Sarah Palin recently made news by placing a map on her Facebook page of 20 House Democrats up for reelection across America that voted for health care reform. On its face it isn't noteworthy, but controversy grew over the fact each House Democrat is highlighted in gun crosshairs and she made statements such as "We'll aim for these races and many others," and "This is just the first salvo in a fight to elect people across the nation who will bring common sense to Washington."
Democrats have argued that the crosshair images coupled with selective words such as "aim" and "salvo" conjure up aiming a gun, and is tantamount to encouraging violence against the Democrats she listed. Now, I'm no Republican, but this all appears to be quite a stretch. Do Democrats really believe Palin has put out a hit-list on House Democrats? In fairness to Palin, haven't we all put crosshairs on someone's face and used it as a dartboard? I do have ex-girlfriends, after all. So what's the big deal?
To find answers I decided to place a phone call to the brightest legal mind I know, an old buddy of mine from law school. Jennifer from South Carolina would have answers. Not only does she know the law, but South Carolina has guns.
"Context," she told me. "Most of the time threats are harmless, but the background of the one making threats is relevant. If I threaten you but have no violent background, it's less of an issue. But if someone threatens you who has been charged with a violent crime in the past, or has a medical ailment that can be associated with violence, it changes things a bit. The threat can become more serious."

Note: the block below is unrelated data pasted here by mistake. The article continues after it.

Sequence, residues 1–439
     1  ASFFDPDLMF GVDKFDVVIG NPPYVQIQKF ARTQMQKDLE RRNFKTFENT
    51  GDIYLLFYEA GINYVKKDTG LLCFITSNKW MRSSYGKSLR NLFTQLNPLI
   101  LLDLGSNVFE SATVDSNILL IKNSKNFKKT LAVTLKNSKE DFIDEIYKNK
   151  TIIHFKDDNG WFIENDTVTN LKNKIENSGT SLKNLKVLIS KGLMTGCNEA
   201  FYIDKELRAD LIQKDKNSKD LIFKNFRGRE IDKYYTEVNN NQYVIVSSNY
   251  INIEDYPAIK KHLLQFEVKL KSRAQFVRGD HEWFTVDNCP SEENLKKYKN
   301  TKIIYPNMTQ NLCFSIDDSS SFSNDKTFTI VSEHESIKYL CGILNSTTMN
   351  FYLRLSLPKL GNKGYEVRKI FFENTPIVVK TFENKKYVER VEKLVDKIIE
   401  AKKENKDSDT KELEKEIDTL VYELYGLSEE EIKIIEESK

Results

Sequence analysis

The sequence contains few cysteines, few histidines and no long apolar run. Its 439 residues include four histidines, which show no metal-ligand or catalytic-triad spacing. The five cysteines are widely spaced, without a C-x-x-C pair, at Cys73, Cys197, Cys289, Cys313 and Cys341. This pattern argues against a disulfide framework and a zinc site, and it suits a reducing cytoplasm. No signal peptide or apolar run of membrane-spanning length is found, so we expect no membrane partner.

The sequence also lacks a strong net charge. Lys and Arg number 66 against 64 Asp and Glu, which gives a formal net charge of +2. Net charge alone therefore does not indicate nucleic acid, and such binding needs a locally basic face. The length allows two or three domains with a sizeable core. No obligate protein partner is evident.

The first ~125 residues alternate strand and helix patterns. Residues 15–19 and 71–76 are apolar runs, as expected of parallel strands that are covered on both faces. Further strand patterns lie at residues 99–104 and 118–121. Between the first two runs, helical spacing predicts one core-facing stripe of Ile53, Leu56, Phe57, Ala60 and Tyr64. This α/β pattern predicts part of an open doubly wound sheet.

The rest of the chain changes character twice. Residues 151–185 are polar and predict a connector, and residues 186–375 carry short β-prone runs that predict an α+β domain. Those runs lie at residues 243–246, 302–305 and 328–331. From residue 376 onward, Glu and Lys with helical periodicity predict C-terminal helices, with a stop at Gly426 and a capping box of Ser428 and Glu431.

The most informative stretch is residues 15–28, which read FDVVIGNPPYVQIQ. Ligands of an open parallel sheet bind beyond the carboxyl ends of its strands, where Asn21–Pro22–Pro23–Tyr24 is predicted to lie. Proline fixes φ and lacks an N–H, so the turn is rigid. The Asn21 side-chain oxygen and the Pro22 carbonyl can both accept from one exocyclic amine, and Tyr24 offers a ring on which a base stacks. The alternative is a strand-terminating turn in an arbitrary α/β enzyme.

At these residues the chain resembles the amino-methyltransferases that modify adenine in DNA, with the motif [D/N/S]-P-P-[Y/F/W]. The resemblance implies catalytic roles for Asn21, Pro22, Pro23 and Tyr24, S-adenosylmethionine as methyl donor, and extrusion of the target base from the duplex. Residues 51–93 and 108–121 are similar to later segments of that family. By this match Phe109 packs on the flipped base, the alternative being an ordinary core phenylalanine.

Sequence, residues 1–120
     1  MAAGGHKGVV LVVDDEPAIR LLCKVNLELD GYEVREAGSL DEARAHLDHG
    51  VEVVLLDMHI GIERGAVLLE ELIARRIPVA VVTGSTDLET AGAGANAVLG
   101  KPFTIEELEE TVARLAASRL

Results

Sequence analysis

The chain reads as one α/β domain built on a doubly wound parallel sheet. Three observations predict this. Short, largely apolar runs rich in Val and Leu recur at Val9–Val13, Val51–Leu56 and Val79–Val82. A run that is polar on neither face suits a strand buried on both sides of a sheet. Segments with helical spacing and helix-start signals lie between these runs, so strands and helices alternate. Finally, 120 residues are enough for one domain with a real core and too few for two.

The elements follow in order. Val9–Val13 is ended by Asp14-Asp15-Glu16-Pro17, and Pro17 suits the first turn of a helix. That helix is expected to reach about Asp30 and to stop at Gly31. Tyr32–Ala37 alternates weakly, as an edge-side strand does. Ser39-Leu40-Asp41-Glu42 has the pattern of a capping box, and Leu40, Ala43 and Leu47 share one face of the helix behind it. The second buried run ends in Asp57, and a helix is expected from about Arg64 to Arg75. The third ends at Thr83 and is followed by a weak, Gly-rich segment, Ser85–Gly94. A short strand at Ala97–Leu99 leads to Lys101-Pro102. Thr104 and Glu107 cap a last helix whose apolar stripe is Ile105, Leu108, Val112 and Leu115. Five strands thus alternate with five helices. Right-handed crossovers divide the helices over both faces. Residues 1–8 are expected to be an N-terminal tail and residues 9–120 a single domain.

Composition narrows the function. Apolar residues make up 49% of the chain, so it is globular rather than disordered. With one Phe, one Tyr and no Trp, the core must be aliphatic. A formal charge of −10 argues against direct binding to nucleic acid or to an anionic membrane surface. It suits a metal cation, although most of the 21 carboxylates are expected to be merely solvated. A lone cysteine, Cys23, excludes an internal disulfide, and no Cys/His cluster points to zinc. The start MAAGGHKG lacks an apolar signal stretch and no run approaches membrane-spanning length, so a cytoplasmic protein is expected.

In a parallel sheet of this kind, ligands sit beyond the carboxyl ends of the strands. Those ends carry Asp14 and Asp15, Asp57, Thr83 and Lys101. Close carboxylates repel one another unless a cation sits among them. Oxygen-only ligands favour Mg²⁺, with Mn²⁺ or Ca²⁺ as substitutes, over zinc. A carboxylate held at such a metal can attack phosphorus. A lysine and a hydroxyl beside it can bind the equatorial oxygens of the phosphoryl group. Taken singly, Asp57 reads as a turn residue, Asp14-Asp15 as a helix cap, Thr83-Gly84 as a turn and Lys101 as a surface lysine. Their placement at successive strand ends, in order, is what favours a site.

I have to believe that if Sarah Palin had a violent streak we more than likely would have heard about it by now. I have the utmost faith John McCain did a thorough investigation before choosing the most appropriate and qualified vice presidential candidate for his run at the presidency. I mean, who would pick a nominee that wasn't qualified? You would probably lose an election if you did that.
So what's the big deal? Sarah Palin doesn't have a history of violence, I thought. And then I remembered "the picture."
This picture graced the New York Times, and I remember being disturbed by it, mostly because I don't view dead carcasses as interior design. I also remember thinking it was a good thing Palin had her crabs under control. But recalling this picture horrified me, as violence against animals is usually a warning sign before a person begins to commit violence against human beings. I relayed my worries to Jennifer back in South Carolina.
"Is it illegal to hunt people?" I asked. I waited for a response but only received dial tone from the other end. I could only assume one thing: Jennifer was as worried as I was and hung up in fear. I began to panic. Sarah Palin wasn't bluffing -- she was going to hunt down each and every one of the House Democrats who supported health care reform. It made perfect sense -- the House Democrats supported life through their health care vote and Palin loves death (unless it involves babies).
I began to dial 911 when a thought struck me: Democrats shouldn't be afraid of Sarah Palin. She may be a hunter but there's one thing she does better than anyone: quitting. All the pieces started to come together. Sarah Palin released a map of where the House Democrats are located so that she wouldn't have to do it. The only loose leg on my theory was why she'd delegate killing House Democrats. What could she possible have to do that was more important than participating in American government, her chosen career path?
Scott Janssen is a graduate student, blogger, and all-around drain on society.
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